Pierce, Tamora: (210) Melting Stones (audio)

Tamora Pierce’s Melting Stones is a novel that has been released first as a full-cast audiobook; it won’t be out in hardcover until October. It takes place at the same time as The Will of the Empress: Briar has accompanied Sandry and his other foster-sisters to Namorn, leaving his student Evvy with his former teachers Lark and Rosethorn. But Evvy’s gotten in some minor trouble at the temple, so Rosethorn takes her along when she goes to the Battle Islands to investigate the widespread death of plants and animals.

Melting Stones is told by Evvy, which initially made me reluctant to listen to it because I’d found the actress’s voice difficult to listen to in a prior audiobook: Evvy did a lot of whining in that book, and the actress was really good at it. Fortunately Evvy does much less whining here and I generally found her a listenable narrator, though on occasion I found the emotion in her voice a little overstated. (Your mileage will almost certainly vary.) On a similar note, the recording uses sound effects to convey earthquakes, which I found more obtrusive than I’d have preferred.

I usually find audiobooks more tense than text, but I was surprised how much more tense I found the story when I knew that there was no text and that I was bound to the audiobook’s pace. The audio-only format also hampers my ability to review the story, as before I write up audiobooks, I usually flip through the text versions, reminding myself of different aspects and reassessing the pace. I can say that I liked the resolution, which avoided an obvious misstep; that the arc of the character Mertide was underwritten; and that I really wish Pierce had written the story of Briar, Evvy, and Rosethorn in Yanjing pre-Will before this, because its absence continues to be a great big gaping hole in the series, one whose filling I fear will be made awkward by the additional details about it here.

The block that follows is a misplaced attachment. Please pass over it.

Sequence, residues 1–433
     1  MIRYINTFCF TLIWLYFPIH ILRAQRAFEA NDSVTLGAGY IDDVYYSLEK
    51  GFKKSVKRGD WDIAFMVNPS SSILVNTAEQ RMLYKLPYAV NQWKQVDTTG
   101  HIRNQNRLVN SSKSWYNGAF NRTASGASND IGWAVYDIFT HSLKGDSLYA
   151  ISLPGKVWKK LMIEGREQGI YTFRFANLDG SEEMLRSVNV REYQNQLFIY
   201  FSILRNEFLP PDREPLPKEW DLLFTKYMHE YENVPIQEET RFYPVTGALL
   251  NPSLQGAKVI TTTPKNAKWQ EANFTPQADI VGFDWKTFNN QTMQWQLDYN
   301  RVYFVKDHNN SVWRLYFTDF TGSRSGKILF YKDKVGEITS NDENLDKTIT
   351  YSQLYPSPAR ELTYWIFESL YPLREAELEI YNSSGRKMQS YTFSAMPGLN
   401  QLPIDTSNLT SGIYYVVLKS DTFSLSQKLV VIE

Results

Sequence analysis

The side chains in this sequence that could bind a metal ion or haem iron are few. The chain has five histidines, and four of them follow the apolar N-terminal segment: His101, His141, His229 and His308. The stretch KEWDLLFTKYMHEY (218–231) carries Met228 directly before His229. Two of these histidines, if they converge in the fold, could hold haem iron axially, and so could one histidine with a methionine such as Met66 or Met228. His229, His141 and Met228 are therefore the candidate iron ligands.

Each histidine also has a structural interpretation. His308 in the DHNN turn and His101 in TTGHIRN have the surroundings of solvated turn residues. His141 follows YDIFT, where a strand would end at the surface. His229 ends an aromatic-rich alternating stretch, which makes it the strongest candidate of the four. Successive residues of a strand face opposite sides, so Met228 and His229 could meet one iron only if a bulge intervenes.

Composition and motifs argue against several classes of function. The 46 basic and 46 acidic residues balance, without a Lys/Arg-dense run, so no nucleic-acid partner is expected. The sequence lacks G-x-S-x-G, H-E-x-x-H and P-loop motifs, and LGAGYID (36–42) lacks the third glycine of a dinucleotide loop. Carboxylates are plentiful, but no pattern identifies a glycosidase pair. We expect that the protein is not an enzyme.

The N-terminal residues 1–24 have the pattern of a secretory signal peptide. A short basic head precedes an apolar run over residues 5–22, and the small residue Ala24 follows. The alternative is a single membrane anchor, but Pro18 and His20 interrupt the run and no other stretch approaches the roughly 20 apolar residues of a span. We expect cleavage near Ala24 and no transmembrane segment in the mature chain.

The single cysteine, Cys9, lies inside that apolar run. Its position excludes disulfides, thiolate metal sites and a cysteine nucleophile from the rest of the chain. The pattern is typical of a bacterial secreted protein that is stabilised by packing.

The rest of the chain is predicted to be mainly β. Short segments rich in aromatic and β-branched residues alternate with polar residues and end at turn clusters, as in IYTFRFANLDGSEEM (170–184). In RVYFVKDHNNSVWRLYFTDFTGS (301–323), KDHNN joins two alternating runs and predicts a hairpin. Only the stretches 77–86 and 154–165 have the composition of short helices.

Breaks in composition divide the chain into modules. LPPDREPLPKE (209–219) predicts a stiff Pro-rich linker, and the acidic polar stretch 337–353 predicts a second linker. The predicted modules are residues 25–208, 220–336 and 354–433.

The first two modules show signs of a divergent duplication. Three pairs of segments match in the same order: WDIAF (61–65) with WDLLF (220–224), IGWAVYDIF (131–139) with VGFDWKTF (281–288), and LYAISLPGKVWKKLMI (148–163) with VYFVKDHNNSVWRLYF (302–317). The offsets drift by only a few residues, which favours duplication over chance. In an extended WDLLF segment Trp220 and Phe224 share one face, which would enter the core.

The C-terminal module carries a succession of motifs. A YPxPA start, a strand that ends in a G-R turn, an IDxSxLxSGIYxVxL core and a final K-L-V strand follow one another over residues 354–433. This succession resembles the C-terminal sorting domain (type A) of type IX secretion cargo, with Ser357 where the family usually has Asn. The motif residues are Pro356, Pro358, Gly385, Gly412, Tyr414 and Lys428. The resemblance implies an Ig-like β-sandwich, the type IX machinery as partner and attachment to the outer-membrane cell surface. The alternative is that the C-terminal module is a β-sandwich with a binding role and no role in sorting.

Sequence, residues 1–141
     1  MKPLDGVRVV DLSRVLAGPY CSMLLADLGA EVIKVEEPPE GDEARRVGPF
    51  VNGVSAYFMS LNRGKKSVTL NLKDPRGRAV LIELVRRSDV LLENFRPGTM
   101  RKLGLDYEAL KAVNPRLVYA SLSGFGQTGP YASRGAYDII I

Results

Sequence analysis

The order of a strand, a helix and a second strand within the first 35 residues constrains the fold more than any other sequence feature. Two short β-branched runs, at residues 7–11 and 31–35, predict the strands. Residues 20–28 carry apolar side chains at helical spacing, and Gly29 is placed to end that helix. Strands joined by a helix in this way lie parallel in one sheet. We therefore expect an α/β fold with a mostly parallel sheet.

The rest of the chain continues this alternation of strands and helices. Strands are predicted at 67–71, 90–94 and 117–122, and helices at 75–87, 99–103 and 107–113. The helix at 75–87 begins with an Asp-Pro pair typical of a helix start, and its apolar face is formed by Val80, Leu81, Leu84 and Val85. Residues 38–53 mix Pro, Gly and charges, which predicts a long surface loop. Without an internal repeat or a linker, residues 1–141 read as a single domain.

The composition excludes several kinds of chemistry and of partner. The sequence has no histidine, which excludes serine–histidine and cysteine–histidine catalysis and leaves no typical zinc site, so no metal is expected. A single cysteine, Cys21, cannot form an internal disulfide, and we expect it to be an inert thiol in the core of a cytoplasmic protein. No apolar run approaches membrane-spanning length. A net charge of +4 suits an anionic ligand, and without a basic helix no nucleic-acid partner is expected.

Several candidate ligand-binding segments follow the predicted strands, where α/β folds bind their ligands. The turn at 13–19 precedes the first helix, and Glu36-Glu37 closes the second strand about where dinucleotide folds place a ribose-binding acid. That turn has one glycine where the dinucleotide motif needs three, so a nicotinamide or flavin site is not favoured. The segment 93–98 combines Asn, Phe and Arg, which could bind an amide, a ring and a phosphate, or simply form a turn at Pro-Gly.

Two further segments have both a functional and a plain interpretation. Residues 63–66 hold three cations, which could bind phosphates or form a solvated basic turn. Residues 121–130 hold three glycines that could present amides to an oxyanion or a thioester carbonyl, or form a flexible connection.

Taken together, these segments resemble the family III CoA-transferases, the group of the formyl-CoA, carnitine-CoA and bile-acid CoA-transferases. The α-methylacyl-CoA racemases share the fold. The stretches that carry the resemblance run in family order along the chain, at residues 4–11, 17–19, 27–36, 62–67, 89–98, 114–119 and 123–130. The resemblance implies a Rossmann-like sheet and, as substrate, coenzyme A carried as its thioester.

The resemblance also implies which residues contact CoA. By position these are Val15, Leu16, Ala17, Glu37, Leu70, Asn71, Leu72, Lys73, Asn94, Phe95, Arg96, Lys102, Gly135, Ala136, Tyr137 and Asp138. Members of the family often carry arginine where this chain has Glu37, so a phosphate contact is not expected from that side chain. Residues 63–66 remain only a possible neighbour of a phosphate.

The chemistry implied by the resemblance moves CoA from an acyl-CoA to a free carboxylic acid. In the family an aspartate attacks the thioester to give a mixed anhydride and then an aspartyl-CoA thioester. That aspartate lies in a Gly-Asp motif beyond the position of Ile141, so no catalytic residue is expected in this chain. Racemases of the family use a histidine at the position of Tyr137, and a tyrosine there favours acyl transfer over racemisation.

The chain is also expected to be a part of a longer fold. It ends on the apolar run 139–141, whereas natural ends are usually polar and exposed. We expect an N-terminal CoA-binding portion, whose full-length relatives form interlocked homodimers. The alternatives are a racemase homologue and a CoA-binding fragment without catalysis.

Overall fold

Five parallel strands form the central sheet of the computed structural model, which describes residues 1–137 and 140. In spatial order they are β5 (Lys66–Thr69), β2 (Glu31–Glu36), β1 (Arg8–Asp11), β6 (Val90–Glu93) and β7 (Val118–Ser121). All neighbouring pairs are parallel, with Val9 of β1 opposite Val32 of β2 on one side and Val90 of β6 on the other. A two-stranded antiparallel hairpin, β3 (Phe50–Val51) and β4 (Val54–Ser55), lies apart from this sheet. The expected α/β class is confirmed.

If you’ve liked prior audiobook versions of Pierce’s books, or if you can’t wait until October, try the audio sample at Audible. (It’s downloadable there, or you can get it on CD from Amazon at a steep discount.)


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  1. I just read/heard this one after borrowing it from a friend. The narrator’s voice didn’t bother me, but I did think there was more repetition of basic facts and feelings than I remember in Pierce’s books. I wondered if that was a crutch for not having a book to flip through, or an editorial decision. I liked the earthquake sounds. I find Pierce’s and Coville’s voices rather distracting (although they had minor roles) probably since I’ve seen them more often in Real Life.
    I think the Yanjing War may be better untold, a type of Noodle Incident.

  2. Karen: interesting, I hadn’t noticed the repetition, but that’s the kind of thing I tend to see more on post-listen flip-throughs.
    I’m not sure whether the Yanjing war should be left untold, but I believe it is going to be.

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